The total aggregate consideration to be paid by Hess for an undivided 50% of CONSOL's fee and leased mineral interests in the Utica shale acres in Ohio is approximately $593 million, or $6,000 per net acre. Hess Corporation will pay approximately $59 million at closing. CONSOL and Hess will also enter into a joint development agreement pursuant to which Hess has agreed to pay 50% of CONSOL's working interest obligations relating to certain drilling and completion costs, up to total payments of approximately $534 million, as the acreage is developed. With this joint venture, CONSOL Energy will be able to explore and delineate its Ohio Utica Shale acreage for twenty-five cents on the dollar, while still retaining a 50 percent interest. It's a very low-risk form of exploration.

CONSOL's and Hess' plan of jointly developing the Utica Shale assets calls for Hess to generally operate in the liquids-rich window, which contains approximately 80,000 acres in Belmont, Harrison, Guernsey and Jefferson counties, and CONSOL to generally operate elsewhere in eastern Ohio, including Portage, Tuscarawas, Mahoning counties, in the oil window, as well as in Noble County. CONSOL and Hess anticipate commencing initial drilling operations in a few weeks, and will thereafter average 2 rigs in 2012, 3.5 rigs in 2013, and eventually plateau at an average of 5 rigs in 2015. The carry is expected to be fully utilized by year-end 2016.

CONSOL Energy reconfirms its 2015 production target of 350 billion cubic feet, net to the company. Any success in the Utica Shale will be additive.

The transaction, which is subject to customary adjustments and conditions, including customary adjustments to the aggregate consideration payable by Hess, is expected to close by October 21, 2011. The transaction excludes CONSOL's shallow rights in Ohio and its remaining Utica shale acreage in Pennsylvania and West Virginia.

CONSOL's financial advisor for this transaction was Jefferies & Company, Inc. CONSOL's legal advisors were Vinson & Elkins LLP and Wachtell, Lipton, Rosen & Katz.

Additional detail on the transaction is available from slides posted on the investor relations portion of the CONSOL Energy website, at

Forward-Looking Statements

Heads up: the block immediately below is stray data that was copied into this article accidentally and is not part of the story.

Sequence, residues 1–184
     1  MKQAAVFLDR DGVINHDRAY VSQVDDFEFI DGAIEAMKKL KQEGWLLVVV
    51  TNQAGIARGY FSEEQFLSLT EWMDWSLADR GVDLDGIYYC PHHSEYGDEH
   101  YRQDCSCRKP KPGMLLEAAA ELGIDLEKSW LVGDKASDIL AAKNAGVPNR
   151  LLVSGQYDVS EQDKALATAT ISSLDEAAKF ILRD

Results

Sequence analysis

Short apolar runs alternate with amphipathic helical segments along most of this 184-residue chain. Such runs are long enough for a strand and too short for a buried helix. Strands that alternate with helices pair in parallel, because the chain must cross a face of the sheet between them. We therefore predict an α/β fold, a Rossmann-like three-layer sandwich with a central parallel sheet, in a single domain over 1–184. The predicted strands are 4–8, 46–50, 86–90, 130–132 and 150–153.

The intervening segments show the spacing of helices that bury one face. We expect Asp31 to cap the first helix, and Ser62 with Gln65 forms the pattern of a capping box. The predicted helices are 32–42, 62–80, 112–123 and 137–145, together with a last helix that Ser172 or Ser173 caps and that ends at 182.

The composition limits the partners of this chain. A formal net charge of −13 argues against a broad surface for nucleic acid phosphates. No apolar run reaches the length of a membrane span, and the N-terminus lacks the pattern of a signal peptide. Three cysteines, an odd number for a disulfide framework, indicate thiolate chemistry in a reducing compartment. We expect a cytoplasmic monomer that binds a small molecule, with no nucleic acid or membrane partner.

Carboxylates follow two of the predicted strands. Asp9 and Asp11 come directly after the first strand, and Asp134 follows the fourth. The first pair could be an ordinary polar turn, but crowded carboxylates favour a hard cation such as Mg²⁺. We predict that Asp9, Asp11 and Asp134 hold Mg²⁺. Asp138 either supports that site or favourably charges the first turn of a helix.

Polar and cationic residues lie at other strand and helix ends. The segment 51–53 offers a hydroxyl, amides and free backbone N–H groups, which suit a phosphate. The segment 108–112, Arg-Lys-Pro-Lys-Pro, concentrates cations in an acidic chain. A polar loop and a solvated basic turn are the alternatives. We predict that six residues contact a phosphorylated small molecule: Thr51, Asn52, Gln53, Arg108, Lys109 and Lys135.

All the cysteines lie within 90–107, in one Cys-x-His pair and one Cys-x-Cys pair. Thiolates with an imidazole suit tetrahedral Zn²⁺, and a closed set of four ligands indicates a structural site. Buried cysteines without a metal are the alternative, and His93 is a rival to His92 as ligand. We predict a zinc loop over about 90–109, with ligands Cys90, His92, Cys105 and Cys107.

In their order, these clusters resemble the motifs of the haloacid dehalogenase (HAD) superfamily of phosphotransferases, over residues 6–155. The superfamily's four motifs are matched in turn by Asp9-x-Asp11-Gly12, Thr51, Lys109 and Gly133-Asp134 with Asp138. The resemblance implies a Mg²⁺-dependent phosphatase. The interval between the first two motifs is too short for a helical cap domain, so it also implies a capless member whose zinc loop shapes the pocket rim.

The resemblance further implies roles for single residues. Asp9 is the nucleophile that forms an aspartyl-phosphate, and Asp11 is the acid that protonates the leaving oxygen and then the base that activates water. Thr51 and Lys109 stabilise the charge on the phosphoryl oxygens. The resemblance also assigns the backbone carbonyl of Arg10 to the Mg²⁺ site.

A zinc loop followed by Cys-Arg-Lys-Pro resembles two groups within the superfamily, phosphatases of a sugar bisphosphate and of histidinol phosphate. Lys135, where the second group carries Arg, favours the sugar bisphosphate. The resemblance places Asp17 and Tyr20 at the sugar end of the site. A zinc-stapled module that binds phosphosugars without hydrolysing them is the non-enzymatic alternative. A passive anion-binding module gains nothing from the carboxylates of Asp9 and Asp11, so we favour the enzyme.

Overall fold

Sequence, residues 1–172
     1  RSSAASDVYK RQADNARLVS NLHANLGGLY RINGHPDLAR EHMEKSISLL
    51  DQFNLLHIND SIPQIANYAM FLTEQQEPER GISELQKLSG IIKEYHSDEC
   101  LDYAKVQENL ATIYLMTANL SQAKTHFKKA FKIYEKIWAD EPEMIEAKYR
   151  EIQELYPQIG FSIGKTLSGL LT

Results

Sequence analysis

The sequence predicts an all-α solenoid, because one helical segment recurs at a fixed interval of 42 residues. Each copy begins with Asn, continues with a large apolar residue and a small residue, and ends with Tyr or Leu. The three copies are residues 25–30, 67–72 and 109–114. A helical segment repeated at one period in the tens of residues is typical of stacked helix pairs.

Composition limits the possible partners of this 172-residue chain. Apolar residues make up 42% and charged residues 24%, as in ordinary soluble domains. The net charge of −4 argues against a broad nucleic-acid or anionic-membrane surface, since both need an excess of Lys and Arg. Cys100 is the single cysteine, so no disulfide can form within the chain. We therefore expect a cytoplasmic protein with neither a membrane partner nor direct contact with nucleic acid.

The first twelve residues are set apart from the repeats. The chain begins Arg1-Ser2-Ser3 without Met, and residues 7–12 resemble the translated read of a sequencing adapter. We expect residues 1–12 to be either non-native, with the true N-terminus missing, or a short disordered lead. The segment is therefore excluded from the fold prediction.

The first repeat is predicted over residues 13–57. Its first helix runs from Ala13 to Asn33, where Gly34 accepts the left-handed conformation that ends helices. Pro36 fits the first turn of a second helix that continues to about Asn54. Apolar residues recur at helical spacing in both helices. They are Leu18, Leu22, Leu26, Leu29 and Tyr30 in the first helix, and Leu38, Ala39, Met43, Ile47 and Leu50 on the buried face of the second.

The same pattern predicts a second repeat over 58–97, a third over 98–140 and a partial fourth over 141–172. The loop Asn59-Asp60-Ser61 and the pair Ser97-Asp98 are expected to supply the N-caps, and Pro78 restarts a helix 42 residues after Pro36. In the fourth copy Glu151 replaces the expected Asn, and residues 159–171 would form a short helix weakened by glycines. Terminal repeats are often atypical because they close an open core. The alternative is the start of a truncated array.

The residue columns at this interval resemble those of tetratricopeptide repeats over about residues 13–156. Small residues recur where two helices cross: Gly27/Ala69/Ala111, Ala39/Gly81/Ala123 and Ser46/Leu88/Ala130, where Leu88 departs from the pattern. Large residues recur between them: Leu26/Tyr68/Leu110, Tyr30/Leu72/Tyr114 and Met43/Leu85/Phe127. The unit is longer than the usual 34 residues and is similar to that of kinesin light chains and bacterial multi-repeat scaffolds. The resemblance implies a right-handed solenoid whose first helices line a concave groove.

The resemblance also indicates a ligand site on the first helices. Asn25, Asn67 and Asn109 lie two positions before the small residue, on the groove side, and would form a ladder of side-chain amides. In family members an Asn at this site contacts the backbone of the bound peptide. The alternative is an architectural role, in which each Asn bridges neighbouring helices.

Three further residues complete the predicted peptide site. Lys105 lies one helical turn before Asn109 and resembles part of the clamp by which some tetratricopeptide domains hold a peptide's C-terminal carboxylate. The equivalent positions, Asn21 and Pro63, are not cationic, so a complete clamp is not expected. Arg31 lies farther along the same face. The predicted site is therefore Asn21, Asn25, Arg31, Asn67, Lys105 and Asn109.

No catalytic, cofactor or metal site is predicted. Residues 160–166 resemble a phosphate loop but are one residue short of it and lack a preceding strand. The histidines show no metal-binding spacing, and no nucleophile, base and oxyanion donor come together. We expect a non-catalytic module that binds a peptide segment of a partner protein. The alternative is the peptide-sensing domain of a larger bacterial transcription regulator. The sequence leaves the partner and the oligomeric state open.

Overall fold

Various statements in this release, including those that express a belief, expectation or intention, may be considered forward-looking statements (as defined in Section 21E of the Exchange Act) that involve risks and uncertainties that could cause actual results to differ materially from projected results. Accordingly, investors should not place undue reliance on forward-looking statements as a prediction of actual results. The forward-looking statements may include projections and estimates concerning the timing and success of specific projects and our future production, revenues, income and capital spending. When we use the words "believe," "intend," "expect," "may," "should," "anticipate," "could," "estimate," "plan," "predict," "project," or their negatives, or other similar expressions, the statements which include those words are usually forward-looking statements. When we describe strategy that involves risks or uncertainties, we are making forward-looking statements. The forward-looking statements in this press release, if any, speak only as of the date of this press release; we disclaim any obligation to update these statements. We have based these forward-looking statements on our current expectations and assumptions about future events. While our management considers these expectations and assumptions to be reasonable, they are inherently subject to significant business, economic, competitive, regulatory and other risks, contingencies and uncertainties, most of which are difficult to predict and many of which are beyond our control. These risks, contingencies and uncertainties relate to, among other matters, the following: deterioration in economic conditions in any of the industries in which our customers operate, or sustained uncertainty in financial markets cause conditions we cannot predict; an extended decline in prices we receive for our coal and gas affecting our operating results and cash flows; our customers extending existing contracts or entering into new long-term contracts for coal; our reliance on major customers; our inability to collect payments from customers if their creditworthiness declines; the disruption of rail, barge, gathering, processing and transportation facilities and other systems that deliver our coal and gas to market; a loss of our competitive position because of the competitive nature of the coal and gas industries, or a loss of our competitive position because of overcapacity in these industries impairing our profitability; our inability to maintain satisfactory labor relations; coal users switching to other fuels in order to comply with various environmental standards related to coal combustion emissions; the impact of potential, as well as any adopted regulations relating to greenhouse gas emissions on the demand for coal and natural gas, as well as the impact of any adopted regulations on our coal mining operations due to the venting of coalbed methane which occurs during mining; foreign currency fluctuations could adversely affect the competitiveness of our coal abroad; the risks inherent in coal and gas operations being subject to unexpected disruptions, including geological conditions, equipment failure, timing of completion of significant construction or repair of equipment, fires, explosions, accidents and weather conditions which could impact financial results; our focus on new gas development projects and exploration for gas in areas where we have little or no proven gas reserves; decreases in the availability of, or increases in, the price of commodities and services used in our mining and gas operations, as well as our exposure under "take or pay" contracts we entered into with well service providers to obtain services which if not used could impact our cost of production; obtaining and renewing governmental permits and approvals for our coal and gas operations; the effects of government regulation on the discharge into the water or air, and the disposal and clean-up of, hazardous substances and wastes generated during our coal and gas operations; the effects of stringent federal and state employee health and safety regulations, including the ability of regulators to shut down a mine or well; the potential for liabilities arising from environmental contamination or alleged environmental contamination in connection with our past or current coal and gas operations; the effects of mine closing, reclamation, gas well closing and certain other liabilities; uncertainties in estimating our economically recoverable coal and gas reserves; costs associated with perfecting title for coal or gas rights on some of our properties; the outcomes of various legal proceedings, which are more fully described in our reports filed under the Securities Exchange Act of 1934; the impacts of various asbestos litigation claims; increased exposure to employee related long-term liabilities; increased exposure to multi-employer pension plan liabilities; minimum funding requirements by the Pension Protection Act of 2006 (the Pension Act) coupled with the significant investment and plan asset losses suffered during the recent economic decline has exposed us to making additional required cash contributions to fund the pension benefit plans which we sponsor and the multi-employer pension benefit plans in which we participate; lump sum payments made to retiring salaried employees pursuant to our defined benefit pension plan exceeding total service and interest cost in a plan year; acquisitions that we recently have completed or may make in the future including the accuracy of our assessment of the acquired businesses and their risks, achieving any anticipated synergies, integrating the acquisitions and unanticipated changes that could affect assumptions we may have made and divestitures we anticipate may not occur or produce anticipated proceeds; the anti-takeover effects of our rights plan could prevent a change of control; increased exposure on our financial performance due to the degree we are leveraged; replacing our natural gas reserves, which if not replaced, will cause our gas reserves and gas production to decline; our ability to acquire water supplies needed for gas drilling, or our ability to dispose of water used or removed from strata in connection with our gas operations at a reasonable cost and within applicable environmental rules; our hedging activities may prevent us from benefiting from price increases and may expose us to other risks; and other factors discussed in the 2010 Form 10-K under "Risk Factors," as updated by any subsequent Form 10-Qs, which are on file at the Securities and Exchange Commission.